selve cargasoen aen lande waere om xxx te verhande

een schoot heeft geschien daer over sij getuijgen

met hen vijven inde schuijte sijn gesprongen ongewapen

de naer landt toe gevaren sonder eenich
naedencken off gexxxxxxx van moeijte of gevaere daer soe

haest sij nae landt toevaeren, hebben gesien dat
daer onder Hans
veel van tvolck van Mossel # mede dertich xxxxxx
Jorisen selffs voer
vande back aff, met haer schuijt sijn gebracht gewape
aen was
ndt gemel musquetten en branden lonten ende
sijn vaxxx de aen lande gevaren alwaer vier van haer
volck daters Jan Rodrigues hebben aengevallen en

hem sijn musquet die hij hadde ontweldicht
drijven hem int water ende menen hem nemen den vrs. met gewelt
en dan als daer dese
gevangen # te nemen twelck sij getuijgen siende
Jan Rodrigues ontnomen deden haer beste hem om den selve te ontzetten ende sijn int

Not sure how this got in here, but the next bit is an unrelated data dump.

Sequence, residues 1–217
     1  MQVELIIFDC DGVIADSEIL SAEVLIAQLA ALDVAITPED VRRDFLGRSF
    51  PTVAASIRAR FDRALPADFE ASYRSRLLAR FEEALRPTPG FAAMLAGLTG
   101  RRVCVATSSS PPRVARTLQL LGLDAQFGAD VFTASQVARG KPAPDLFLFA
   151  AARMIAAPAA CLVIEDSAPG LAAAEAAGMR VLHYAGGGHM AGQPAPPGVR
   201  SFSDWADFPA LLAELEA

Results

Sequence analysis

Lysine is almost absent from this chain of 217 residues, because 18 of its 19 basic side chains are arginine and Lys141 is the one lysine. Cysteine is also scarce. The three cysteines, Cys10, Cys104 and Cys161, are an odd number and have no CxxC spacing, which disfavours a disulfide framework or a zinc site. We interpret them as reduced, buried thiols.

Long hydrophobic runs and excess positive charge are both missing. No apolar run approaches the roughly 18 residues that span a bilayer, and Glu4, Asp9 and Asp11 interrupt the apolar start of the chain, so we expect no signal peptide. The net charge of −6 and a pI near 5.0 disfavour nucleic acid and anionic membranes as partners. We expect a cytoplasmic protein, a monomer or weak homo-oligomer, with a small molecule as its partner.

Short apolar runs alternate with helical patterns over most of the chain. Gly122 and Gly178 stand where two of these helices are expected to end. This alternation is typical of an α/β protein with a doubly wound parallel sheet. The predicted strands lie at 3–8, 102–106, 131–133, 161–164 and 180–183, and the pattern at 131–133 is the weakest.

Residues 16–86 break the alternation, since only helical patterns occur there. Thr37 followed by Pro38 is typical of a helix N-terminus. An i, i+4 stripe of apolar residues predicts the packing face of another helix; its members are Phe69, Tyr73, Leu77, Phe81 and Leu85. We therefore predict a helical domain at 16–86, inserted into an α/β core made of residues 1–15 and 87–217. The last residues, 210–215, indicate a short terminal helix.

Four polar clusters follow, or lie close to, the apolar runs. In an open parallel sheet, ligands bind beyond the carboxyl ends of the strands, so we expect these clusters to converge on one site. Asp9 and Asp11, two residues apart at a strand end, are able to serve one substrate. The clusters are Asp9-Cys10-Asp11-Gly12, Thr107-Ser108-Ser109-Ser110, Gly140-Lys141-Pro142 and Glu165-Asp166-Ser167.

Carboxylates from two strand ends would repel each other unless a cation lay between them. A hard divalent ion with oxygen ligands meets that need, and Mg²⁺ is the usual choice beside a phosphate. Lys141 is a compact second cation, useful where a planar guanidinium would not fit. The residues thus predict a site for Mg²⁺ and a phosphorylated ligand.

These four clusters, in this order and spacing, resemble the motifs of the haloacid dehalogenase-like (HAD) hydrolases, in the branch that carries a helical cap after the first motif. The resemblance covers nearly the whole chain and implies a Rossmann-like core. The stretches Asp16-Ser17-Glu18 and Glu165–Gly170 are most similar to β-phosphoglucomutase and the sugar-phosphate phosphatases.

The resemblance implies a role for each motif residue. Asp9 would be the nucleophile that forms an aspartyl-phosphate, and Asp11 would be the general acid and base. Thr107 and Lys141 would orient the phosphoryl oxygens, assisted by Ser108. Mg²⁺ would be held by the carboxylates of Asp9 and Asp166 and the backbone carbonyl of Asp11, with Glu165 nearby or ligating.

heeft een van tvolck
water gesprongen om hem te grijpen en hebben den
van Hans Jorisen
selve Jan Rodrigues, die gequetst wert, in hun getuijgens
die hem vasthielt
sijn sabel
27

CUNY Dominican Studies Institute

A.2.5 Manuscript 5

Source: Stadsarchief Amsterdam, Archief van de Notarissen ter Standplaats Amsterdam (notary Jan Franssen Bruijningh),
5075-198, f.98.

28

Juan Rodriguez and the Beginnings of New York City


A. Stevens-Acevedo, T. Weterings, & L. lvarez Francs,

A.2.6 Verbatim Transcription



4o schuijte gebracht ende sijn alsoe naer tschip gevaren, ende

dat alsdaer een van hen getuijgen tegens Hans Jorissen seijd